A Week Without Social Media – How I Coped After Deleting Facebook, Twitter, WhatsApp and Instagram Off My Phone

One week and roughly 7 hours ago I deleted all the social media apps on my phone – that means Facebook, Twitter, WhatsApp and Instagram. So why did I do this? We went away on holiday last Sunday, to stay with family in Poole, and I decided I wanted to be completely off the grid, at least from a social media standpoint anyway. So why couldn’t I just not check them whilst I was away, that would be less drastic, wouldn’t it? In an ideal world yes, but I’m somewhat addicted to the aforementioned social media accounts, and if they are on my phone I’d be checking them. Addiction is a serious word, and I don’t use it lightly, but I do believe it’s the right one, or at least I did when I deleted them.

So how did it go? Actually, a damn sight easier than I thought it would be. I’m not sure if it was because in holiday mode, and spent much of the day on the beach, and evenings at restaurants with family, or whether the perceived addiction was just an indication that I need to be more productive with my spare time. On a couple of occasions I did think “ooh, that would make a good tweet, or that should be something I could take a photo of and put on Instagram”, but they were very fleeting thoughts and not something that I was disappointed not to be able to do. I didn’t actually take my phone to the beach, so was without it from mid-morning until mid to late afternoon, so maybe that was cheating a bit. However, when I did have it in the evenings I didn’t have the urge to check for updates on social media. In fact, I didn’t delete the apps from my iPad which I also took with me, but not once was I tempted to open them.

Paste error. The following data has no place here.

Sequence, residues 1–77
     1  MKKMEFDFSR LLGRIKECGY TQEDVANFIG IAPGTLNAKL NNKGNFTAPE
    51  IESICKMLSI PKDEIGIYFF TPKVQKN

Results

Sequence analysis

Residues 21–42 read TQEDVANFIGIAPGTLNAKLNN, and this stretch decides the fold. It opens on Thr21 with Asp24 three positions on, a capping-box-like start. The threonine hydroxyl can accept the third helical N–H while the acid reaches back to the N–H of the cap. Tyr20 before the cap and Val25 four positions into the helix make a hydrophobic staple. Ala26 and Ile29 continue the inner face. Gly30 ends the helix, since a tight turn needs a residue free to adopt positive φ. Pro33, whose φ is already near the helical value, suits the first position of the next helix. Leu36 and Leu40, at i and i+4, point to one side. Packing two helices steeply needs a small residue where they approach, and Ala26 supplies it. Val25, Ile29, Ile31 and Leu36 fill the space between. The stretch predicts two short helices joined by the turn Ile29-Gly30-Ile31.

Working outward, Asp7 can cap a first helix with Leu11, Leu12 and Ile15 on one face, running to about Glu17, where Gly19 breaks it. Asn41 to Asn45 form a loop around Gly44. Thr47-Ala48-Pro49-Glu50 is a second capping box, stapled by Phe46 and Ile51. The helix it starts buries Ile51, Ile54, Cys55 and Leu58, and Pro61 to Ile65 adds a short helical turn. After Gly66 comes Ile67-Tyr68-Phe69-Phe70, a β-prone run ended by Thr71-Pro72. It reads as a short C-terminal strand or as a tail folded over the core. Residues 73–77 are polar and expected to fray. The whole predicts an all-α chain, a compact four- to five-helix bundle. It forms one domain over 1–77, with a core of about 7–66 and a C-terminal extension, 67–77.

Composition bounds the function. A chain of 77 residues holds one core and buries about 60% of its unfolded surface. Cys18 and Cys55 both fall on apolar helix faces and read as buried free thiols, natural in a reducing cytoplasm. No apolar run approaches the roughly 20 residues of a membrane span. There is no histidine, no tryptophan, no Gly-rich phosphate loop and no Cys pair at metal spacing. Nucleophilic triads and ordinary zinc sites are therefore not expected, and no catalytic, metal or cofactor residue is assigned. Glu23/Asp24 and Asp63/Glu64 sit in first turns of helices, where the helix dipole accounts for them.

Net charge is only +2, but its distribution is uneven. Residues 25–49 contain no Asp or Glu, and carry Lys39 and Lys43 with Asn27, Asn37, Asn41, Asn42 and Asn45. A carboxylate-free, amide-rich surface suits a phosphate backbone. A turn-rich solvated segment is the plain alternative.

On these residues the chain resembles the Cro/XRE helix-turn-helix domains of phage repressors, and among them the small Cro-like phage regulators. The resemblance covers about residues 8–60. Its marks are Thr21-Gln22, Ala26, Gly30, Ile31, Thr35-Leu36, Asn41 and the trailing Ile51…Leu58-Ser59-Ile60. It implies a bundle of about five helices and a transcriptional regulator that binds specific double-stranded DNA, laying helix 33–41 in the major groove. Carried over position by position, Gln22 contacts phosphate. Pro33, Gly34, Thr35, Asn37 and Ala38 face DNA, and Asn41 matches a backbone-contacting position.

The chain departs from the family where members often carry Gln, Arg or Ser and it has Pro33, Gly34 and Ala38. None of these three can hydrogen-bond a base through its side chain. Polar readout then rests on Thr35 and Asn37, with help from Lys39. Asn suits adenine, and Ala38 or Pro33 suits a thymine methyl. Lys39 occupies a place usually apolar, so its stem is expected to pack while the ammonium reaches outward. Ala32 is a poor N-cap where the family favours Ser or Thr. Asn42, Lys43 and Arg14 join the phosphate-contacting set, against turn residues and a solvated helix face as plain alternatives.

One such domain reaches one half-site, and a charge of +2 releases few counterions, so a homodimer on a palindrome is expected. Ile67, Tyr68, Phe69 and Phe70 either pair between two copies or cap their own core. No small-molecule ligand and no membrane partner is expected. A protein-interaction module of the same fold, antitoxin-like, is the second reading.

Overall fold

I could very well have missed out on something very important, but would that really be the case? I kept abreast of the news, a bit, and all my family members have my phone number, so they could have called and texted me, as some did. Importance is relative and any happenings on social media don’t really impact the world in any productive way, not in the circles I exist anyway. One interesting observation is just how much people rely on social media to communicate with one another, as it was my birthday the day after I deleted all the apps, and only one friend texted to wish me happy birthday, and she knew I had deleted the apps. To be fair, when I log back on to the likes of Facebook and Twitter, there could well be a bunch of birthday messages there.

I do rely on Twitter and Facebook, in particular, to keep up with the activities of singers and bands I like, but that’s not something I need to check every day, or every hour if I’m being completely honest. What I don’t miss is that constant need to see if anyone has reacted to what I’ve posted. That’s a flaw in the way I think and one that needs addressing, so social media is probably not a healthy environment for me to be around in the first place.

Will I go back to them? I kind of need to as I use them to spread the word about the activities of Dedicated to DLP, and do still want gig updates for the aforementioned musicians. Can I decrease my time using them, and dependence on interactions? Time will tell, but this week of cold turkey did categorically prove that without them I didn’t suffer at all. In fact my son will tell you it was a very positive experience, as I spent more time playing with him and less time checking my phone.

At the time of publishing this article, I have not yet installed any of the social media accounts back into my phone, and I’m quite anxious about doing so. The irony is that you’ll most probably only be reading this now if I have logged back in and shared this article on them. (EDIT: 3 hours later… or I still haven’t added the apps back to my phone and share this on Facebook and Twitter using my laptop)

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